Coalition’s big stick for energy firms at the ready

Energy companies will be compelled to cut wholesale prices and guarantee supply as the re-elected Morrison government prepares to revive the “big stick” divestment laws it was forced to shelve this year.
  1. Energy companies will be compelled to cut wholesale prices and guarantee supply as the re-elected Morrison government prepares to revive the “big stick” divestment laws it was forced to shelve this year.

    State governments will also face mounting pressure to fast-track approvals for new -generation projects underwritten by the federal government and open up more gas supply.
    In an interview with The Australian, Energy Minister Angus Taylor revealed the “big stick laws”, which energy companies had labelled draconian, would be a priority when parliament returned, expected to be the first week of July.

    He said failure by state governments to act on power supply would risk “dire -consequences”, including a new exodus of manufacturing operations and the loss of industrial jobs.
    The move will alarm energy bosses who had expected the government would permanently ditch the proposed laws, having pulled them after a failed attempt to pass legislation in March.

    “I can tell you it is a parliamentary priority — it should be no surprise,” Mr Taylor said.

    “It is our policy, we took it to the election, it has been through the partyroom, and it has been introduced to parliament.

    “This is a broad-ranging piece of legislation … the divestment powers are at the pointy end … but it is also about prohibitive actions, manipulation of wholesale markets, price gouging in the retail markets and derivatives market.”

    The proposed Treasury Laws Amendment (Prohibiting Energy Market Misconduct) Bill 2018, which is opposed by Labor and the Greens, would give the government unprecedented powers to seek divestment of generation assets as a last resort.

    Nationals MPs threatened to revolt in March when the legislation was pulled and demanded it be brought back for a vote in the last sitting week before the poll.

    Energy companies criticised the proposed laws, with one of the big three, AGL, saying they were “extreme and arbitrary”.

    Mr Taylor said the government planned to revive them now that it had a majority in the lower house and a potentially less hostile Senate.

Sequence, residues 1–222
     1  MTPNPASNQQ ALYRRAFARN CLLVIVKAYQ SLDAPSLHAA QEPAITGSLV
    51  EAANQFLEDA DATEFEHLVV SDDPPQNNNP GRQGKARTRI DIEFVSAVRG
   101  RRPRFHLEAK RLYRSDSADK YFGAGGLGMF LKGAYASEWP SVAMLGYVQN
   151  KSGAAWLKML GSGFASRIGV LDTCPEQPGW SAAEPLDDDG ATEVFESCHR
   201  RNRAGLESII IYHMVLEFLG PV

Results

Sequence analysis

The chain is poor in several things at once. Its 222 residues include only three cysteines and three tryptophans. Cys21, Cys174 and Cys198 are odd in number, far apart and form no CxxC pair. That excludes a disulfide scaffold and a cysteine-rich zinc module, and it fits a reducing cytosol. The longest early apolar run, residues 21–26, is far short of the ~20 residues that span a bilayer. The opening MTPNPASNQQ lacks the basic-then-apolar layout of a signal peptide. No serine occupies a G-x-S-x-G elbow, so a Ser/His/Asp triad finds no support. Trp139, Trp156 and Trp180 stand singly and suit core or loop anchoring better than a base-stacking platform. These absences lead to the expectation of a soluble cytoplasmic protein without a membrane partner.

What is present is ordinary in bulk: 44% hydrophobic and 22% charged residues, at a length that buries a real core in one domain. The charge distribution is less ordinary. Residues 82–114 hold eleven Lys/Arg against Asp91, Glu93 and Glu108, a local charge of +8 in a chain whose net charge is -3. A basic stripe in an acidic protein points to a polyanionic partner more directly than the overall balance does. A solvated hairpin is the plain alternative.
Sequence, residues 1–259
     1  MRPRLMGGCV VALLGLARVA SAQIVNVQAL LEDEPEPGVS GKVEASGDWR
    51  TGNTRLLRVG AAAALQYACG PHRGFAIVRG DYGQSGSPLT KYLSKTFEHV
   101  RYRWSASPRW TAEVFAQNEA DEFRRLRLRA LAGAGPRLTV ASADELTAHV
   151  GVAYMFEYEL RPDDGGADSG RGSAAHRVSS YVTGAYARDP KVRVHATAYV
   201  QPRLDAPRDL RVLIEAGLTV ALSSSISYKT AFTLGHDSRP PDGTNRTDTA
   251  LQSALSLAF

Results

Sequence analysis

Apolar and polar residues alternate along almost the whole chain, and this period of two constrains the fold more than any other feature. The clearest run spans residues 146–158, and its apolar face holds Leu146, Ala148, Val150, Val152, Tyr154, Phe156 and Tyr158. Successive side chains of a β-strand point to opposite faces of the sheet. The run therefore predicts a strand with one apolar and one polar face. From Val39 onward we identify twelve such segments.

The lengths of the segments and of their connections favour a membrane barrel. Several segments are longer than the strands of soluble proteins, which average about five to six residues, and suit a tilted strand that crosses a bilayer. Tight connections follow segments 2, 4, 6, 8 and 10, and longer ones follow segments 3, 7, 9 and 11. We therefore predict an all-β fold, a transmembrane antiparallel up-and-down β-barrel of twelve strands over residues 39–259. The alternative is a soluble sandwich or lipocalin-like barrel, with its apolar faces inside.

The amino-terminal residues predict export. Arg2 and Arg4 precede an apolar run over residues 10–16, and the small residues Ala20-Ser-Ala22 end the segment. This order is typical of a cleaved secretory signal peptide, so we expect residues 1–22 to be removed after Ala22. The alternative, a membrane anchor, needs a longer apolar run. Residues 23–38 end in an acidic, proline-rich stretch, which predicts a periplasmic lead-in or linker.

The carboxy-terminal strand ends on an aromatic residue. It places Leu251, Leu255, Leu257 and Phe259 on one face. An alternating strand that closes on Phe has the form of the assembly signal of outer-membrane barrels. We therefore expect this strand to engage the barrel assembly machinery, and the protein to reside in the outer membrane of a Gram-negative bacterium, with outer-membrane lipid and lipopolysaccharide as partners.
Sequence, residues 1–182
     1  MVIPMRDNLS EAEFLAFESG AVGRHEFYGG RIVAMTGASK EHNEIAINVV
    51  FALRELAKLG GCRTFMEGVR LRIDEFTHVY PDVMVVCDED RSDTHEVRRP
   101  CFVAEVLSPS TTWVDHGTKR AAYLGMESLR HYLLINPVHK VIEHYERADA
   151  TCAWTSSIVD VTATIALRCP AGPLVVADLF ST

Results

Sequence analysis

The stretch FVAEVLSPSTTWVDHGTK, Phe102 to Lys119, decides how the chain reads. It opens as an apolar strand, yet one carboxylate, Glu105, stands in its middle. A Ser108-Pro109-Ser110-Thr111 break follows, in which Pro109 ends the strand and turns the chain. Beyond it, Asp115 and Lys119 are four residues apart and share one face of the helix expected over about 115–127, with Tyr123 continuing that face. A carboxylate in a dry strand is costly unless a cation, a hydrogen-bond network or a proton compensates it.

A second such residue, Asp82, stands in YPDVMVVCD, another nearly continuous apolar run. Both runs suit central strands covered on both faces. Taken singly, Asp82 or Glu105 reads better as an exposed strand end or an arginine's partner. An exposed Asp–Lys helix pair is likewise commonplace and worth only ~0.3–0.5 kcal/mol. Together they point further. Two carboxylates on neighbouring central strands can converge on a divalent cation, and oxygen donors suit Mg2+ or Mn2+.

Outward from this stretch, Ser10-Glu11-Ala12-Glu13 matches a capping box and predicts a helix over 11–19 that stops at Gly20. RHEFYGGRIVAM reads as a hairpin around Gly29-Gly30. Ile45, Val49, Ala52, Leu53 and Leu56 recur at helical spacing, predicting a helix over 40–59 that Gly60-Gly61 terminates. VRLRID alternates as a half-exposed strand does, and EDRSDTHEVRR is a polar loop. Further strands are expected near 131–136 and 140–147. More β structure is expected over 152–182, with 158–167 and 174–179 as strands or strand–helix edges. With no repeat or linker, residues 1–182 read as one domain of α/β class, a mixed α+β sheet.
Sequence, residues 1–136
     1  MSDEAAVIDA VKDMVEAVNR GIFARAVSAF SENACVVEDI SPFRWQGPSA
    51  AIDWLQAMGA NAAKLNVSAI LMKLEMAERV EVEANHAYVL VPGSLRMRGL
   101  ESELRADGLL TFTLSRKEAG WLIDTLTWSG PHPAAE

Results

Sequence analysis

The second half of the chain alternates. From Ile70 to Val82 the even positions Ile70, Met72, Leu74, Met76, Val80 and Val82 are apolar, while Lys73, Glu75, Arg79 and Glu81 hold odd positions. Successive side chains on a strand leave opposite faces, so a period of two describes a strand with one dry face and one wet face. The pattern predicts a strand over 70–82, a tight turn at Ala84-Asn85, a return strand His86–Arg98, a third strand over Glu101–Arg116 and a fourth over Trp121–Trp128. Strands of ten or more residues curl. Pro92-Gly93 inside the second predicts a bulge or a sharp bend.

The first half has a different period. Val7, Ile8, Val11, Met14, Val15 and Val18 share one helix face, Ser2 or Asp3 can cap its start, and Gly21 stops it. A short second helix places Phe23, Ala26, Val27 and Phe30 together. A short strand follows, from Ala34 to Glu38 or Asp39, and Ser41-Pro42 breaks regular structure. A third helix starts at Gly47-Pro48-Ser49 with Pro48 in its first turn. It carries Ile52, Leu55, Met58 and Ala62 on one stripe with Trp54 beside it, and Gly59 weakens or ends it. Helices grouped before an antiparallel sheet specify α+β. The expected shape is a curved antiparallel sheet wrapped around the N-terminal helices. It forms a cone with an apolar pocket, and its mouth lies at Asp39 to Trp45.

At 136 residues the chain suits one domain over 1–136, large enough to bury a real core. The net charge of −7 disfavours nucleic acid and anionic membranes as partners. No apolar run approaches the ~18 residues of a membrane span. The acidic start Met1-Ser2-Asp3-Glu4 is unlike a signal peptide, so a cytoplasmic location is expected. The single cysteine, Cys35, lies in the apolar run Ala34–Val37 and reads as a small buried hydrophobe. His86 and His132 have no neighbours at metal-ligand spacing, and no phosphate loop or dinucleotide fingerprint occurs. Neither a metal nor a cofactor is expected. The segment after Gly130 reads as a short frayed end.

The Coalition will require only four crossbench senators to pass legislation opposed by Labor and the Greens. Centre Alliance had supported the “big stick” laws in the lower house, suggesting the party’s two senators would be on board. One Nation is also -expected to support it. Australian Conservatives’ Cory Bernardi, a former Liberal senator, also remains on the crossbench.

    Energy chiefs, meeting yesterday in Brisbane at an annual oil and gas conference, repeated their concerns about the “big stick” laws. Origin chief executive Frank Calabria said: “If it’s designed to break up energy companies, I don’t think that’s the way to go about achieving lower prices and better outcomes for customers. I don’t feel it serves customers well.”

    Mr Taylor issued a warning to recalcitrant state governments that failure to increase gas and dispatchable electricity supply was a critical issue.

    He said he would be seeking support from state governments to fast-track approvals for the construction of new generation, including coal. A shortlist of 12 projects providing an extra 4000 megawatts into the national electricity market was already under consideration for federal government underwriting.

    “We will be working with every state government to get more supply into the market,” Mr Taylor said. “Approvals will be crucial … this is also a real priority. If they want lower prices and more supply, they need to work with us on the approvals. We want to work with them, not against them.”

    Mr Taylor has signalled the government’s intention to expand the political argument from retail prices, which it hopes will begin to come down after July when new Australian Competition and Consumer Commission rules and a price cap kick in, to the supply side.

    “I will be also pointing out that failure to get more supply of electricity and gas is likely to be dire in the coming years,” he said. “If a state refuses to put more gas supply and dispatchable electricity into the market, then they need to wear the accountability with their constituencies and businesses.

    “The consequences are clear … the people in those states will have to pay more for gas, they will have to pay more for electricity.”

    Mr Taylor said industries moving offshore would continue if supply was not urgently -addressed. “There is a general concern among energy-intensive industries that if we aren’t able to get more supply and competition into the market, we will shed those jobs,” he said. “The loss of industry and the offshoring of industry that has happened historically is something we want to prevent.”

    He singled out Victoria for its refusal to increase both gas and electricity supply. “If Victoria continues to refuse to get more supply of electricity and gas into the market, then industry and households will pay the price,” he said.

    “They have had a moratorium for many years and it has done enormous damage.”

    Source: The Australian